is an instant camera in the mold of the Fuji Instax cameras, but harkening back to the simplicity of the Diana’s or Holga’s, and started with a Kickstarter campaign. Polaroid is making something of a comeback. Having an actual physical picture in hand is kind of like it must have been showing the natives an image in the 19th Century.
Lomo’Instant and Lomo’Instant Wide
I have to be honest. Which I’m sure will get me no linkbacks. There’s the good, the bad and the ugly on this camera. First, if you’re expecting a precision instrument, ala’ Contax, Canon or Nikon,…forget it. Like all Lomography cameras, geared towards hobbyists and artists looking for a different kind of image, or just making a point, the build leaves a lot to be desired. However, it does offer a lot of control when taking the pic. A selection of removable lenses, switchable shooting modes, aperture control and multiple exposure ability.
Kind of in the typical Lomo retro groove. (and cheap plastic) Fujifilm Instax Mini 90 is better built and looks nicer. (to me) The camera has a similar faux-leather covering to the Lomography Lomokino and Belair models, and is available in black or white. There’s also a model that’s covered in real brown leather priced a little higher. No case is available, and it’s kind of blocky and bulky.
Flash or Not?
First is a mode switch, which enables you to choose between having the flash on, off or on auto. It does have a flash sensor, (probably thyristor,…they are not saying), which automatically adjusts the flash.
There is a chart molded into the side to tell you what settings to use for various shooting conditions. Kind of a “Back to the Future” sort of thing.
But next is the shutter release lever, (up to 1/125 shutter speed), which I’ll admit is smooth. A simple, sliding focus switch lets you choose from two options between close-up and everything else. Setting the focus to close-up makes the front portion of the camera body protrude and vulnerable to breakage, so try to keep it in infinity mode most of the time.
It also sports a ‘B’ (for bulb) switch means that you can snap long-exposures. MX flip switch lets you take multiple exposures. You can take unlimited pictures on the same frame before the picture pops out. The exposure compensation dial can be used to adjust the aperture from -2 (f/32) up to +2 (f/8), the largest aperture
range on an instant camera.
The settings need a bit of trial and error to get right, but you’ll soon be glad of the control offered when you see how opening up that aperture makes a big difference in dark shooting conditions. Probably the coolest original feature of all is the tiny round mirror on the front of the camera, which is for taking selfies.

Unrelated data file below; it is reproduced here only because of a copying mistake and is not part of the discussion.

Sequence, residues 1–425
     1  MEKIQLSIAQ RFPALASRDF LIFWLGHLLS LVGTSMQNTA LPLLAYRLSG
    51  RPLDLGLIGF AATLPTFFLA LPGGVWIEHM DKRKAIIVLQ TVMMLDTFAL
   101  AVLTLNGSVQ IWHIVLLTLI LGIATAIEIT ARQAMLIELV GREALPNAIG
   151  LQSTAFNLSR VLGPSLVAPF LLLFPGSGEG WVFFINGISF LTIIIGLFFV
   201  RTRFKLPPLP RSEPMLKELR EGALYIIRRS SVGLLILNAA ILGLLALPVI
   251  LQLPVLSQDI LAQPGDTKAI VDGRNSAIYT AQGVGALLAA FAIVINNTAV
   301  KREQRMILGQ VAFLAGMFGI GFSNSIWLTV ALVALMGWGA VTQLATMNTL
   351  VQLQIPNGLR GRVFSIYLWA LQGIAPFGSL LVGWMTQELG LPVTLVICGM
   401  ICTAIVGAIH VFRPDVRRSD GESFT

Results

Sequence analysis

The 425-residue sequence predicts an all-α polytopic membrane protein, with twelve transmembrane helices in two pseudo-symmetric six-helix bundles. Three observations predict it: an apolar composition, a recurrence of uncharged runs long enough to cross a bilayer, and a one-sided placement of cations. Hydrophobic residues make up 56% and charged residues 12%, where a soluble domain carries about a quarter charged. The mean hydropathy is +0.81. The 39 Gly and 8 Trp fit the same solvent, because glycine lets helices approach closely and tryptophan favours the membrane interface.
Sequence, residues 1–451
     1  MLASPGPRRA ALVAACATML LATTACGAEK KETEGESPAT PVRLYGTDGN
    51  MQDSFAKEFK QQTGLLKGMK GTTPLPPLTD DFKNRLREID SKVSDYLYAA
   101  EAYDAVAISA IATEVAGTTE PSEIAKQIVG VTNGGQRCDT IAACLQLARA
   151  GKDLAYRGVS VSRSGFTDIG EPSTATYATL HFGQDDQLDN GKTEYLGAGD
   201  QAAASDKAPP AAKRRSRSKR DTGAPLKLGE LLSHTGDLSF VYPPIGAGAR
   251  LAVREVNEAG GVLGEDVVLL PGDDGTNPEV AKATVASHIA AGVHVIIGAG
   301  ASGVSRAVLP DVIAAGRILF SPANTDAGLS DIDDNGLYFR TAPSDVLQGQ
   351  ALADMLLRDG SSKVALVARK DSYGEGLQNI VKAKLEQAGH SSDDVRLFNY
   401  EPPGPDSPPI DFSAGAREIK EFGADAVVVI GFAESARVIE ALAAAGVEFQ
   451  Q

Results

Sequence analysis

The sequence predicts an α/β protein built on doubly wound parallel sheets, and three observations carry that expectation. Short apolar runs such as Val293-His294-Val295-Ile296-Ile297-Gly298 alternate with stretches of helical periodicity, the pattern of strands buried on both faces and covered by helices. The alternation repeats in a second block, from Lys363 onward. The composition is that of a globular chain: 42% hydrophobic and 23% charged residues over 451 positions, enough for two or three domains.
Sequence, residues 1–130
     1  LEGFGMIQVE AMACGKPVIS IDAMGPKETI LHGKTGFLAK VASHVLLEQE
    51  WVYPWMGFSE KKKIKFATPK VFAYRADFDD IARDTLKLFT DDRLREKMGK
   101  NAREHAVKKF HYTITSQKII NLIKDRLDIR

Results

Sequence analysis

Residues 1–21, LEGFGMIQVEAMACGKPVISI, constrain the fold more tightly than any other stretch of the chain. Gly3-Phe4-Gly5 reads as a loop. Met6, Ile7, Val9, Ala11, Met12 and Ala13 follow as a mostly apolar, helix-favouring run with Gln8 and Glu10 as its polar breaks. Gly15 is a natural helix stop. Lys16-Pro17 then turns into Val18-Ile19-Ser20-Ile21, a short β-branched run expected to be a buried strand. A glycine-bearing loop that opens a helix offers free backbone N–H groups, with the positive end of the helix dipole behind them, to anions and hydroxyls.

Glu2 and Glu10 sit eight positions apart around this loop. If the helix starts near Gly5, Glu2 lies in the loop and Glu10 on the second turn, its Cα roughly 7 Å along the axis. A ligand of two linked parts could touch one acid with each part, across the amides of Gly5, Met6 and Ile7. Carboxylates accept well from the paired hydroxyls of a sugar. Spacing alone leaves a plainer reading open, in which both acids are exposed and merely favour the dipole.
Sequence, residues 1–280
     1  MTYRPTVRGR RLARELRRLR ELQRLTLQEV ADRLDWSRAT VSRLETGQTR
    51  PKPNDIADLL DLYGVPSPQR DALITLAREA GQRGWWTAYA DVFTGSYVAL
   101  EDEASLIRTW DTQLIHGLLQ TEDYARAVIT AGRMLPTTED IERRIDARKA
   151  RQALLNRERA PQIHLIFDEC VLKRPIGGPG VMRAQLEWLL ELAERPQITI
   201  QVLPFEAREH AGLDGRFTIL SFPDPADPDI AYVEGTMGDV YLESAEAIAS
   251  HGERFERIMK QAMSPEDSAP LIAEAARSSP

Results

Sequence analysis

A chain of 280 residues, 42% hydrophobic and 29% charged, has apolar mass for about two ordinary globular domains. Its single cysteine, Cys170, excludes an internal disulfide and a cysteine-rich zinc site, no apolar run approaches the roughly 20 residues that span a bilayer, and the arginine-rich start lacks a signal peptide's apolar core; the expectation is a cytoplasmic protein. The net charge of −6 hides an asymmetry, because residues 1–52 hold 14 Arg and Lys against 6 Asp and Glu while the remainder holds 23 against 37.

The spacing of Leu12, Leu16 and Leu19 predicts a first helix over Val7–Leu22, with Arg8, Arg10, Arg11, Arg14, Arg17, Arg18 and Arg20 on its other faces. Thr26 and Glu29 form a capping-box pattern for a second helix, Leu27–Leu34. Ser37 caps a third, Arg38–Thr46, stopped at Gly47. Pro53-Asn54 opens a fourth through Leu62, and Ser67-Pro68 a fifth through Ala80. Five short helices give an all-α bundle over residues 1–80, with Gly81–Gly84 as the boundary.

There’s an optical viewfinder, but it’s rather on the small side.This ain’t no Leica! However, the Lomography Wide version has a PC sync connection! Very cool. Why they didn’t include it on the Mini version? No clue. They do have the room. BTW, no Fuji’s have a pc sync.
Lomography & Fuji Film
Due to the camera using the readily available Fujifilm Instax Mini instant film, that’s another plus. I advise hunting out bulk buys on eBay is a good way to go. Loading up the film is as easy as on any Instax cam – you simply tear open the foil wrapper, plonk the cartridge in, making sure that the yellow stripe matches up, and take a picture to eject the cover sheet. The flash has these little colored gels to place over it. You’ll have to experiment with them.
The camera’s fixed 27mm equivalent wide angle lens is really rather good. It works well on portraits and selfies and also means that you can pack a fair bit into long shots, too. A bundle pack with three additional lenses is optional and about $50 or so. The portrait lens is the best of the three and works well on mid-range photos of people, while the fisheye is probably the lens that you need the least,… but they only come bundled. All images are slightly on the soft side, (Lomo-esque). The camera is powered by four AAA batteries,…no NiCads or chargers here.
A True Lomography Camera
It does feel a little flimsy and the faux-leather finish is prone to marking. However, the amount of manual control is good, but not too overwhelming, even for photography newbies.I do love what’s been accomplished in terms of an instant camera, but I’m hoping for a second-gen model with a few refinements, including a more robust build and a more resilient finish.I also like that the camera uses easy-to-find Instax film, but the costs do rack up as you rattle through those shots.
Due to some Fujifilm models offering better value, work as well and have better build, some thought should go into what’s important to you. But I do understand the Lomography mystique.
The Lomo’Instant Wide is just that, and uses Fujifilms’ Wide film. Otherwise, pretty much the same,….slightly bigger and clunkier. But they do have some advantages and are cheap,…well worth the price. I prefer the Wide, but film is more expensive. Find Lomo Instant